Igor Tishin - Paradise

Panama. 2013. Oil on canvas,170x150 cm
1
Crisis in Paradise (2). 2009. Oil on photo, 50,5x70 cm
2
Crisis in Paradise (1). 2009. Oil on photo, 50,5x75 cm
3
4 March, 2014 to 13 April, 2014

Igor Tishin is one of the brightest and most talented artists of the new wave of the Belorussian art marked by an active search of its new identity. Tishin was born in 1958 in the village of Vasilpolye. Being a graduate of the Minsk Academy of Arts, he underwent the formal training in monumental Socialist Realism and was inspired by the legendary Belorussian modernists Marc Chagall and Chaim Soutine and the Russian avant-garde. In 1997 Tishin received an art grant in Switzerland where he got a better opportunity to get acquainted with modern and contemporary art.  In 2000 the artist moved to Belgium – the country of comic strips. Eventually the artist develops his repertory of melancholic and burlesque images.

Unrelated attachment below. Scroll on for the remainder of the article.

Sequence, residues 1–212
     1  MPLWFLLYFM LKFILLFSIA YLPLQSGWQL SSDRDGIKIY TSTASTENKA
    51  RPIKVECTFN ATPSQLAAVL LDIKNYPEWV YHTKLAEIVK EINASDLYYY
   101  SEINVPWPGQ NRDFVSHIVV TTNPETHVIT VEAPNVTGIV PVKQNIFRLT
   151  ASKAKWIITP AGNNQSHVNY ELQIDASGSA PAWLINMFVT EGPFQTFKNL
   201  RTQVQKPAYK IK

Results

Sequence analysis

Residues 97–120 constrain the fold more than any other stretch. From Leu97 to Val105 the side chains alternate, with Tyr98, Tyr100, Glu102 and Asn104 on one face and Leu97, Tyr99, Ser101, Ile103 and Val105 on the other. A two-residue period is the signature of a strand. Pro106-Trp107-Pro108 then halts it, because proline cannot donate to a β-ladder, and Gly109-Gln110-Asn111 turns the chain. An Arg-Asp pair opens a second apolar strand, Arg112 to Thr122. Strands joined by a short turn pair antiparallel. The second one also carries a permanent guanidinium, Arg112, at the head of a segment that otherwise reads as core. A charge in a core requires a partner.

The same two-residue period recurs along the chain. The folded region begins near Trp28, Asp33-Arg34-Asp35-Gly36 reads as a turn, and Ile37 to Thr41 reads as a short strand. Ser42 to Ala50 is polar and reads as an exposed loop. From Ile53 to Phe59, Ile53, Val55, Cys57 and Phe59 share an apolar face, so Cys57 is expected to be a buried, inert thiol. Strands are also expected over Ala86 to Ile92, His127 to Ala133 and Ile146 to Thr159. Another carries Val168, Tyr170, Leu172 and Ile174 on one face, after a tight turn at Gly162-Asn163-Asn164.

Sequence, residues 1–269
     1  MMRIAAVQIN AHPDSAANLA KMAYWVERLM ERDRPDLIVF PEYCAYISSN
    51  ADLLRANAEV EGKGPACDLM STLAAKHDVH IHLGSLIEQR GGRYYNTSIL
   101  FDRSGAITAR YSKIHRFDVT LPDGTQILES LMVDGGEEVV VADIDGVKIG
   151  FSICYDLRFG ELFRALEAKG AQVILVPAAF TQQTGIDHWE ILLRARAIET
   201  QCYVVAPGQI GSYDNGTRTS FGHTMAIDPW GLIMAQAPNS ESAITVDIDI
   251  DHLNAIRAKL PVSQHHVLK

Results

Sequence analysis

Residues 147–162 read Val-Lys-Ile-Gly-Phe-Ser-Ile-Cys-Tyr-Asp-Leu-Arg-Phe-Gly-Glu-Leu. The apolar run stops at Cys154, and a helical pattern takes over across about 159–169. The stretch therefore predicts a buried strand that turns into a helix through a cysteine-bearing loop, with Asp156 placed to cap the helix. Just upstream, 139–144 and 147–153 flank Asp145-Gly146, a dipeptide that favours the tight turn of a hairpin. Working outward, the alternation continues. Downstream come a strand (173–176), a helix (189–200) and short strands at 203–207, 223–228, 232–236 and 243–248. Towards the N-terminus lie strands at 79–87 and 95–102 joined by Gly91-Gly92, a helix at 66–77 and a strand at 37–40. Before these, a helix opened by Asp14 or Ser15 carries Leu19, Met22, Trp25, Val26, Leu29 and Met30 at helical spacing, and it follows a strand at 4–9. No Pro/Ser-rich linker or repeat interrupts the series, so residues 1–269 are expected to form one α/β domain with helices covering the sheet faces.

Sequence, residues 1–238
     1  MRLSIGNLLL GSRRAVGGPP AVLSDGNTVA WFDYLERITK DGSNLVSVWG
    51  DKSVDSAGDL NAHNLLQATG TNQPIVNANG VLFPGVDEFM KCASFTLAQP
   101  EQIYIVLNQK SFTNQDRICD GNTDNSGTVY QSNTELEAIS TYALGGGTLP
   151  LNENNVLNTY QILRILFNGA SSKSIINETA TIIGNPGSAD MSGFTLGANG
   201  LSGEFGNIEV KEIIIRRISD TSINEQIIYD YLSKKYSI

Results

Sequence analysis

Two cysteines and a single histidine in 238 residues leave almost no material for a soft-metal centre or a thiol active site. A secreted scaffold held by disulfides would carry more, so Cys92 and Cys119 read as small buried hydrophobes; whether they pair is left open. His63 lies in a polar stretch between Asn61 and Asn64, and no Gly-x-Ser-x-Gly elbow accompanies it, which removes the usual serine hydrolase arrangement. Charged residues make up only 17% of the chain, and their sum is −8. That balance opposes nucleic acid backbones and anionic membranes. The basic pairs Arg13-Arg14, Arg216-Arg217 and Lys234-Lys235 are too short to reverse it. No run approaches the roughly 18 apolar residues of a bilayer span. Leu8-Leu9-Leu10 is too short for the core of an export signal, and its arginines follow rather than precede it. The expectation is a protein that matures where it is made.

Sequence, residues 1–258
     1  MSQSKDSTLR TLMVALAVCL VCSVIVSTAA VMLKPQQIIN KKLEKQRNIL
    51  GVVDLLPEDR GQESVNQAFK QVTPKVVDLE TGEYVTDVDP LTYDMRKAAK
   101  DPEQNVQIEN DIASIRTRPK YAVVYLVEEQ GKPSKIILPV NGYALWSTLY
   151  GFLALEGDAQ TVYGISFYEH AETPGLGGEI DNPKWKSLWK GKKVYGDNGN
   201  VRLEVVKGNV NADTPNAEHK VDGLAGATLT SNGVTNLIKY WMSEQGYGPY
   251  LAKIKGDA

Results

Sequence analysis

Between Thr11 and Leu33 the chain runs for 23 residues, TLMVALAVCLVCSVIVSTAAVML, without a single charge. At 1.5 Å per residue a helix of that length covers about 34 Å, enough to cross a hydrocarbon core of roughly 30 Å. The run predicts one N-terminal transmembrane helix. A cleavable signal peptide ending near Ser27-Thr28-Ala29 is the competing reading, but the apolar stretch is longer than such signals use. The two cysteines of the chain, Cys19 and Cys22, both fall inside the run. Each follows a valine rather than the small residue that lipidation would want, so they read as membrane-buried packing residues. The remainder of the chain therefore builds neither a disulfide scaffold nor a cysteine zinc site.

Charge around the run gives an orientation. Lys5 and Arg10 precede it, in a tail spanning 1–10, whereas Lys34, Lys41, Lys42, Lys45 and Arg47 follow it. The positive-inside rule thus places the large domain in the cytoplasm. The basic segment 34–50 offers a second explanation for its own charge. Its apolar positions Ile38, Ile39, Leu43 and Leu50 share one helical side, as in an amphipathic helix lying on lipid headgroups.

Tishin’s unbridled creative energy overflows the boundaries of  established aesthetic norms and produces a fascinating mixture of visual cultures, inspired by art and literary movements such as monumental Socialist realism, Constructivism, Dada, ‘kolkhoz’ visual culture,  ‘cosy’ Surrealism of Marc Chagall, Expressionism of Soutine and Bacon, the Laboratory  of Russian Futurists,  Sigmund Freud, contemporary comic strips, poetics of the Absurd by  Daniil Kharms, works of Gilles Deleuze and Franz Kafka, cinema, old photographs and family albums, letters, graffiti,  newspaper clips, early childhood memories. Igor Tishin treats reality with gusto of a collectioner in the disguise of either an antiquarian picking up the valuable objects disposed of by the civilization or a writer recording and   reconstructing the shreds of other people’s conversation and voices.

Wild, absurd and sensual aesthetics with no rules and hierarchy is the outcome of a complex ‘laboratory’ study of imagery and textuality of our epoch. Tishin renders personal and collective visual memory by clashing together two main media of the Soviet culture – the monumental painting and photography.